To complement this mission, NASA is looking to develop a Europa Lander that could land on the surface of this moon. If the plumes of Europa rain back down on the surface as we expect, then it could be possible to sample this ocean without having to drill through tens of kilometres of ice. Others argue Saturn’s moon Enceladus is a better bet for such a mission, as its plumes are more constant, with more material available to study. Budgets are limited, however, so for now Europa is in the limelight.
Another mission, the European Space Agency’s (ESA) Jupiter Icy Moons Explorer (JUICE), will also be investigating this system. Aside from just Europa, it will study Jupiter’s other interesting moons, including Ganymede and Callisto. The latter may hide an ancient ocean that has existed long enough to allow life to take hold, whereas the former is the only moon in the Solar System known to have a magnetic field. Earth’s magnetic field protects us from radiation; perhaps Ganymede’s makes it similarly suitable for habitation.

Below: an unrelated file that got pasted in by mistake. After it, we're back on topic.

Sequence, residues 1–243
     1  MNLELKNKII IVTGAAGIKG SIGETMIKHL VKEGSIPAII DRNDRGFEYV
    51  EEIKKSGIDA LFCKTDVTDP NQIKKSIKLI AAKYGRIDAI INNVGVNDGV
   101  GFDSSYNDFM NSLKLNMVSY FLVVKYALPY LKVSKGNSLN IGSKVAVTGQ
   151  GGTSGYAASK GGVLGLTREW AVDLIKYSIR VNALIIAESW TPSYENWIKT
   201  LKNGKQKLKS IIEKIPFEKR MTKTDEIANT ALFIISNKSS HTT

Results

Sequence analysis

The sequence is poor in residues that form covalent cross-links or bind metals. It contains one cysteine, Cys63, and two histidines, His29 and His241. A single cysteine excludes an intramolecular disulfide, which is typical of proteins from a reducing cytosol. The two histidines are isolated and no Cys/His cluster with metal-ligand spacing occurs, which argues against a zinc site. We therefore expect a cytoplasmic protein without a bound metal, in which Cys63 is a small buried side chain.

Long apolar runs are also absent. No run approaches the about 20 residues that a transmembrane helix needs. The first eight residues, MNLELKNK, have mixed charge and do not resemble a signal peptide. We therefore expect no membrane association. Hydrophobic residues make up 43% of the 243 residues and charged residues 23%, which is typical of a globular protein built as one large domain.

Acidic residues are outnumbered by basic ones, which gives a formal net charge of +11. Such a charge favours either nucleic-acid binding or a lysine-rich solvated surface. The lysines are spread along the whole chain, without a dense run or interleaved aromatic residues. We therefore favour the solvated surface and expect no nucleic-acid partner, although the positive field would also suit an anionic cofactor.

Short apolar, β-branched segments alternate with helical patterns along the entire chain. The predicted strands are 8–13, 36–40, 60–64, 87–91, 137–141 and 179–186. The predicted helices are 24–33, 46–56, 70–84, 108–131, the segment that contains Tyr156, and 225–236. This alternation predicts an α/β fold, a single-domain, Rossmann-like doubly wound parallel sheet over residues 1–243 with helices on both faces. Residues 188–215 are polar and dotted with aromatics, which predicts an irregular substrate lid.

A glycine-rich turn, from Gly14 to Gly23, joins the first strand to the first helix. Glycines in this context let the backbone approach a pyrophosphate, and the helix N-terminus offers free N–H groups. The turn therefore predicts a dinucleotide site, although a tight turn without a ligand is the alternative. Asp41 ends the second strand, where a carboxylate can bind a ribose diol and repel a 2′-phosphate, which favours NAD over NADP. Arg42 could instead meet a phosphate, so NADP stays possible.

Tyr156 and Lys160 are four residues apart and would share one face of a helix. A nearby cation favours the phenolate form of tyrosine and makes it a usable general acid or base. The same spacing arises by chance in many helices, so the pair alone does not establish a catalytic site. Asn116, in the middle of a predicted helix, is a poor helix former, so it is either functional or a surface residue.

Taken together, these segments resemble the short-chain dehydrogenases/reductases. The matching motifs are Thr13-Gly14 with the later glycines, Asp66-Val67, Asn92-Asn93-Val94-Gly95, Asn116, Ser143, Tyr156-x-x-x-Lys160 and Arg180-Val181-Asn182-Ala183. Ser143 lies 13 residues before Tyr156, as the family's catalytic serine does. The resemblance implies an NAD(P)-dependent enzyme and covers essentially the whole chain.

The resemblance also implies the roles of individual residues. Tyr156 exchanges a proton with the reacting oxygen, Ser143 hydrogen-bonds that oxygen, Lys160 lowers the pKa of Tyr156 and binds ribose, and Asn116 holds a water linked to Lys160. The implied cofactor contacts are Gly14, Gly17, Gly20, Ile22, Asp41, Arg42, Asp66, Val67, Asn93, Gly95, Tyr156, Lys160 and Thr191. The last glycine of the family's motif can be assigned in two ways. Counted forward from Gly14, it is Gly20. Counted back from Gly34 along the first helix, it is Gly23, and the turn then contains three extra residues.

The search for life in the universe is progressing steadily, with some scientists favouring a closer look at Mars, which may have once been more like Earth with seas and oceans on its surface. Others favour studying worlds beyond our Solar System, called exoplanets, to look for some that may be similar to our own. But the moons of the outer planets are without doubt among the most promising targets at the present time.
We still know very little about their oceans and potential habitability, but in the next couple of decades we might get closer than ever to finding out if life in our Solar System is limited to our own rocky planet or is spread abundantly on worlds like and unlike Earth.
Future missions could explore the oceans of Europa and elsewhere